Thousands of Tucson families could qualify for financial aid to buy a house.
The Pathway to Purchase down-payment assistance program is now available to families who earn up to $90,000 a year to buy a home that costs less than $356,000 inside city limits.
Approved lenders can help families get a 30-year, fixed-rate mortgage and a second mortgage that can be used as a 10 percent down payment, up to $20,000, which can be forgiven after five years if conditions are met.
Tucsonans could get the lion’s share of $70 million available statewide, and more than 4,300 families potentially could be helped, said Michael Trailer, director of the Arizona Department of Housing.
A fee added to the loan payments will fund a $500,000 rapid-rehousing program that could help about 100 homeless families find housing in Pima County, he said.
The Tucson City Council approved the program Tuesday and Mayor Jonathan Rothschild launched the program Friday.
More information is available at MayorRothschild.com/homebuyers .
Here’s what Rothschild said at the announcement event.
- “We have the infrastructure in this community to move this needle from 42 percent home ownership to where we ought to be as a community. … We’re not looking for 100 percent home ownership — home ownership clearly isn’t for everybody — but when you look at our numbers in the community, we can move this number a big margin if we do it in a way that brings everyone together.”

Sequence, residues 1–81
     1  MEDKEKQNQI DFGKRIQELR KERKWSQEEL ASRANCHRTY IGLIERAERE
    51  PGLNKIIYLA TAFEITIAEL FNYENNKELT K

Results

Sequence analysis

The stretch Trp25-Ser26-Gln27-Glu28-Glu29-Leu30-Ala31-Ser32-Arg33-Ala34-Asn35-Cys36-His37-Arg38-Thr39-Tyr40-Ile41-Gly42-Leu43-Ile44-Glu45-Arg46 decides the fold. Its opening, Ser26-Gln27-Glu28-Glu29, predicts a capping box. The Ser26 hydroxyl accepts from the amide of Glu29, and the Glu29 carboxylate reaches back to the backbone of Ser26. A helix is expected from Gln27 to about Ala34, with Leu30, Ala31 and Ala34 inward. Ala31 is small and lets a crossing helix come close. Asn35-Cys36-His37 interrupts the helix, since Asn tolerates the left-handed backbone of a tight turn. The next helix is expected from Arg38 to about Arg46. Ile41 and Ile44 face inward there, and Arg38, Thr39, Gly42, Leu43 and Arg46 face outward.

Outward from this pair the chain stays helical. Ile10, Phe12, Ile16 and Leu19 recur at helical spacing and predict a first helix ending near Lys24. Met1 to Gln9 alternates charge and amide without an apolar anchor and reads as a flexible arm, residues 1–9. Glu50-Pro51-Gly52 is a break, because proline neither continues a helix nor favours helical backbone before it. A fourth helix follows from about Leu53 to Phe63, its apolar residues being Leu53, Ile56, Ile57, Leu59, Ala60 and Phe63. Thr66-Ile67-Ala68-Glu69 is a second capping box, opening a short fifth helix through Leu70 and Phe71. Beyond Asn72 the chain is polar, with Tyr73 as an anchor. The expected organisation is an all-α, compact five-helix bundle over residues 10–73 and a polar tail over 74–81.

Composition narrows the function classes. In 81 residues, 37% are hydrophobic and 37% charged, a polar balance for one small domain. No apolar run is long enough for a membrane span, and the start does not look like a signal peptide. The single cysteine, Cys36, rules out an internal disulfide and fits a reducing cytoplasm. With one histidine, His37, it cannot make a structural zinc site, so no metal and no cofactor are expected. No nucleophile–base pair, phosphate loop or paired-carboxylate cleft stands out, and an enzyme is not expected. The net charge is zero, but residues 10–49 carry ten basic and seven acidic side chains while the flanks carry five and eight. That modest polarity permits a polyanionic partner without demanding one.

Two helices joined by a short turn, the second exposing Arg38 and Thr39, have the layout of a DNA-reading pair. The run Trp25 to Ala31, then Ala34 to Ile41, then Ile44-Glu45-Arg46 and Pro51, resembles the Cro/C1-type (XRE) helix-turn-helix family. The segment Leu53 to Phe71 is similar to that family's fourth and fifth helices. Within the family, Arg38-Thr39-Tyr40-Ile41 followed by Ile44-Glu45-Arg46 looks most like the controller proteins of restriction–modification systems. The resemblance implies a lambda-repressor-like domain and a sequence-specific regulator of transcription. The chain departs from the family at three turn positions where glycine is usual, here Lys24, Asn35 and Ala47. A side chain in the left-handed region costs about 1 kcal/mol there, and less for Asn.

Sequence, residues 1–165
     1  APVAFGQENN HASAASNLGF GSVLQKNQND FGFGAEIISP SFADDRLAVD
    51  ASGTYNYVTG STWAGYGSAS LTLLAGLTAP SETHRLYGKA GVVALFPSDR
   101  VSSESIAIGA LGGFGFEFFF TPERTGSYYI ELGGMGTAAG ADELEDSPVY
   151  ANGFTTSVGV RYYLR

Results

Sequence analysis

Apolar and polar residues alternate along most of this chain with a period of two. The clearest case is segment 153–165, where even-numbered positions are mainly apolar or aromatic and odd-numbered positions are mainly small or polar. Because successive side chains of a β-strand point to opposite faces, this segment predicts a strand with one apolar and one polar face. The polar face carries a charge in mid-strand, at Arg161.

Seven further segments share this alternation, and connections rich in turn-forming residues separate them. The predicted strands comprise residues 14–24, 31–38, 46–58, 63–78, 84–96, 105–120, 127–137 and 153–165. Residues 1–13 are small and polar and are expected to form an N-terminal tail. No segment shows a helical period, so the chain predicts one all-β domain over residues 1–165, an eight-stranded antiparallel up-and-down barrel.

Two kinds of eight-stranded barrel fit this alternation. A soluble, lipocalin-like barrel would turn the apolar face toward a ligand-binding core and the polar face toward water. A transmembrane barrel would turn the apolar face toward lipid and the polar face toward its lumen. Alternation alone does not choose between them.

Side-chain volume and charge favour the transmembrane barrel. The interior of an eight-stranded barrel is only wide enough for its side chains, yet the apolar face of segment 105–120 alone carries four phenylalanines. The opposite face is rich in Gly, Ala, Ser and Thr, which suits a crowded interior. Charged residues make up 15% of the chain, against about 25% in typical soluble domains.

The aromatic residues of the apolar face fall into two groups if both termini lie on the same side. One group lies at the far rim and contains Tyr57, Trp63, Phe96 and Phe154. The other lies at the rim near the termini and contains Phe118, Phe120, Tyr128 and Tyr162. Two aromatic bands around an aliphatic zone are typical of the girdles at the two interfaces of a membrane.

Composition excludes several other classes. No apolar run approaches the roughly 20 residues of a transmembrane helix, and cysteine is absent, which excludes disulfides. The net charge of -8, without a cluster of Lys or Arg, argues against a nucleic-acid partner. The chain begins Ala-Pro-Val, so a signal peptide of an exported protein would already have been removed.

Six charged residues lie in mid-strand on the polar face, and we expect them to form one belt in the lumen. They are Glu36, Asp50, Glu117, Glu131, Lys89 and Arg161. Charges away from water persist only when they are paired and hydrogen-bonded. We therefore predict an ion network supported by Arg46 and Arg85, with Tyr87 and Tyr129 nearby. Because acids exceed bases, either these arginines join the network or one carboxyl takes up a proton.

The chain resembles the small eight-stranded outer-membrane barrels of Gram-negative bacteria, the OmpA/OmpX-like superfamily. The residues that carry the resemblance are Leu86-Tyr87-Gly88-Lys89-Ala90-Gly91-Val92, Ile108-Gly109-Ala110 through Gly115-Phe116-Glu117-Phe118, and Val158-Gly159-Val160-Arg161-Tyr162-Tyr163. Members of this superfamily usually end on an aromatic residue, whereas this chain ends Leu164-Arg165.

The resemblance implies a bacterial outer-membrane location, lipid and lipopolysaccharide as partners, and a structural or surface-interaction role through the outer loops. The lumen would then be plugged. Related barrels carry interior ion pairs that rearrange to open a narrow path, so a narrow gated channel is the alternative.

- “Homeownership stabilizes neighborhoods, helps families and individuals build financial security, and even has been shown to increase graduation rates, perhaps by improving residential security. Yet less than half of Tucson’s housing units are owner-occupied. Furthermore, many renters are struggling to afford rent when home ownership could be a better bet for them. So it just makes sense for us Tucsonans to try to increase homeownership by putting all available homebuyer assistance programs out in the market to good use.”
- “We’re in a very different place today than we were 10 years ago during the housing bubble. Dodd-Frank (Wall Street Reform and Consumer Protection Act), passed in 2010, prohibits the unsafe lending practices that led to the subprime mortgage crisis and the recession. In fact, a requirement of most of these programs is completing the HUD-approved pre-purchase homebuyer education workshop. … Homeownership is part of the American dream, but it’s a dream you have to go into with your eyes open, making sure you understand what you’re getting into.”